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Former professor returns for exhibition

February 17, 2017

Kallie DiTusa / The Courier

Photo courtesy of Rubi Nogueron

On Friday, February 10, Ian and Natalie Shelly said farewell to their show by hosting a closing reception at the Len G. Everett gallery located at the library. Ian and Natalie hosted a collaborative exhibition that featured both of their ceramic pieces and showcased their different styles. While Ian’s pieces were more lively and eccentric, Natalie focused on tranquility and fragility.

When opening up their reception, Natalie and Ian reflect on their experiences together; telling a story of their timeline together and how they developed their work. She says, “You’re seeing a show that is quite contrasting”. Ian and Natalie’s styles are vastly different: Natalie’s style so very minimalistic and detailed while Ian’s work was darker and amusing.

Natalie focused on how fragile her work can be and related to how life itself can be about pushing the boundaries. She achieves a sense of serenity and peace with how precise her work is and her very careful detail allowed for the audience to see how mesmerizing her attention to detail is. Her only 2 Dimensional work included a drawing of her chain piece also featured in the gallery, saying that the paint on it was hand-made clay paint. She says that she wanted to show that clay can be used for more than just 3 dimensional work for those who are primarily 2-D.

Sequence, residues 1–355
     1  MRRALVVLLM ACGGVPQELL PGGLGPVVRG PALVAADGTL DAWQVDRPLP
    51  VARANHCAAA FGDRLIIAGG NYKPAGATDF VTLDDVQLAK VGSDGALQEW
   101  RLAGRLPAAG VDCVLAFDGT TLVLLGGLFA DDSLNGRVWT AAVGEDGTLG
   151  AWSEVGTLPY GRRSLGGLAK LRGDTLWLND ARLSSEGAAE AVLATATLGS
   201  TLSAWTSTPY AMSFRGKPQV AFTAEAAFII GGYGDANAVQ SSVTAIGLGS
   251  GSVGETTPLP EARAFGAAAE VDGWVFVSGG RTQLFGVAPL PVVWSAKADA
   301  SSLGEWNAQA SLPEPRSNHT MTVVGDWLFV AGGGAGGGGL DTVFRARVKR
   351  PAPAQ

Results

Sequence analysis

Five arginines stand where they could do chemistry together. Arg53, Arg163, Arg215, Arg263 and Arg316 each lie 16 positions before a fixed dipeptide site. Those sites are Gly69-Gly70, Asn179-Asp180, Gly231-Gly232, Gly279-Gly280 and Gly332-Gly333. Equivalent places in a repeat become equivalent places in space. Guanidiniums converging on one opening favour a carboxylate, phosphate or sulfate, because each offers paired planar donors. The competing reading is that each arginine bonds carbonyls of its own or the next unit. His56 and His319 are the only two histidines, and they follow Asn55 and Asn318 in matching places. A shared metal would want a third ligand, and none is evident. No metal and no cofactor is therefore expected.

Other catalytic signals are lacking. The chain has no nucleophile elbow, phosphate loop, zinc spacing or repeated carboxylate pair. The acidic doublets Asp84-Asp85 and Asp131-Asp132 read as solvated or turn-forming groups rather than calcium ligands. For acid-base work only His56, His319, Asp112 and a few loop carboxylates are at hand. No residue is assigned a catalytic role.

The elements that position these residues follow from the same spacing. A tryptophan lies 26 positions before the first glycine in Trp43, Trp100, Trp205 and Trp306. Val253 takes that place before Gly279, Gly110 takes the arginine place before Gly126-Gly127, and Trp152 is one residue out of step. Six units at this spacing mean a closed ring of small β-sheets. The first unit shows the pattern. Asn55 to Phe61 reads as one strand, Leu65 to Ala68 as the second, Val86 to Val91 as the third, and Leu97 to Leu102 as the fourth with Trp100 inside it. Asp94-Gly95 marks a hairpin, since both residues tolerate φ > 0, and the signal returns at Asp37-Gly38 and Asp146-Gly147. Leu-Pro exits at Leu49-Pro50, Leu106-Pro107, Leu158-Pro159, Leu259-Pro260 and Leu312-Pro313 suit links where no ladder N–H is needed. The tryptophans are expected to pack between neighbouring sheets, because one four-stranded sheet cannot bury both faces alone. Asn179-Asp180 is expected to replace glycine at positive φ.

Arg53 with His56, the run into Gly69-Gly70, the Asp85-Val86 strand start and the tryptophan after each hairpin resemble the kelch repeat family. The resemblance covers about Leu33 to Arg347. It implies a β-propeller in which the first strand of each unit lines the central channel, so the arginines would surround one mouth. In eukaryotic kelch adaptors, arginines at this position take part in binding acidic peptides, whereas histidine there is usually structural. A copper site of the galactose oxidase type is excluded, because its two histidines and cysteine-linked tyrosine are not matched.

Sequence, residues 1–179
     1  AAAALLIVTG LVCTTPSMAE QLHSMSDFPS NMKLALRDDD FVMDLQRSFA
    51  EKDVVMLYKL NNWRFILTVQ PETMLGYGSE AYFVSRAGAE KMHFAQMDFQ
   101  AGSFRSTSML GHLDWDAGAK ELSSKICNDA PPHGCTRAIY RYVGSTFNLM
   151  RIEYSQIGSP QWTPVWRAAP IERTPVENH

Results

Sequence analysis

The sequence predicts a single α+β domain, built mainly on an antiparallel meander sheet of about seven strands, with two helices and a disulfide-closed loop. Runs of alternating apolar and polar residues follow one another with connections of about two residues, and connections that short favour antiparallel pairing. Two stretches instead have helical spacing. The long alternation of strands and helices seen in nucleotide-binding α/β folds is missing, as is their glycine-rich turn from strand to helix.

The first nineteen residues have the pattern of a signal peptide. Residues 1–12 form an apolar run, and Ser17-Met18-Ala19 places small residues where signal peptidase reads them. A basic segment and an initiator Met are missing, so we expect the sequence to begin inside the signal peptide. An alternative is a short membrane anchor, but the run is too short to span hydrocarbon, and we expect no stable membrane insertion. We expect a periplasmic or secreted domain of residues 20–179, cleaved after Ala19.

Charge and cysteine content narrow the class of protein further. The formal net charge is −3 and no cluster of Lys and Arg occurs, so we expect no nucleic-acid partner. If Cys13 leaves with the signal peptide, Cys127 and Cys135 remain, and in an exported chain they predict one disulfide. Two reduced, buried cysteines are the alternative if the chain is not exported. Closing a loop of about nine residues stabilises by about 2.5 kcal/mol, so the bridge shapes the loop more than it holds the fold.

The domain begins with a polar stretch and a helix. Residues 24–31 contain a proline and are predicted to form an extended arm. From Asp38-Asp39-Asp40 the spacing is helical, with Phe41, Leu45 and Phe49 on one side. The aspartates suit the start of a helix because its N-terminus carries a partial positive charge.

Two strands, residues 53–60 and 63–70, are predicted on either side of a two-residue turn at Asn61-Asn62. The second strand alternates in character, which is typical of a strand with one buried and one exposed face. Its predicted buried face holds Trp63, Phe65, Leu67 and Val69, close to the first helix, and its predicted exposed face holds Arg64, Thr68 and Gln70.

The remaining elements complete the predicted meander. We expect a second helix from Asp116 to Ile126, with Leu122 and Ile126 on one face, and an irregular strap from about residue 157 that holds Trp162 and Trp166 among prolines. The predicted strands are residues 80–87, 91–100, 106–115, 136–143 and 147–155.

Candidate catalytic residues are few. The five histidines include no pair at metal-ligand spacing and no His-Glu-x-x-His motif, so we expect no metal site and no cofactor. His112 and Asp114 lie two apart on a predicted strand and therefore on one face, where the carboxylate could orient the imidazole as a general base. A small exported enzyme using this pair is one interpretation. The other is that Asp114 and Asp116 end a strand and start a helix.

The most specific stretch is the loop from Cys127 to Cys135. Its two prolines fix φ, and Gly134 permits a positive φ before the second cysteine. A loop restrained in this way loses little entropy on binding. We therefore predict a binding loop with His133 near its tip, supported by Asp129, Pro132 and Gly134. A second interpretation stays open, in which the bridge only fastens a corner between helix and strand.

Ian reflected on how childhood influenced his work. Ian used Legos and other odd materials to complete his work. He says, “There are a lot of similarities between things children and adults enjoy playing with” and reflects back to when Ian and his brother used to spend time together. He brings a sense of nostalgia with his work and created a grunge like aesthetic with his work. Ian’s piece Phony is something that Ian says that “it’s weird that purple Legos are found with girls tools” and questions why there are gendered Legos when they are enjoyed by all children. So he recreated a block of Legos with clay and makes it the odd one out, making it seem obviously not like the other fine blocks.

When asked about working together, Ian says “we don’t collaborate together often” and says that their styles are completely different. However, despite the fact they have different styles, Ian says that they often look at each other’s work and be able to critique their work because they have different taste, thus giving each other a different perspective. Natalie says being married to another artist is great because “it’s nice to be with someone who speaks the same [artistic] language as you”. Their dialogue allows for growth on both parts and allows both artists to strengthen their work.

Rubi Nogueron
Contributing Writer

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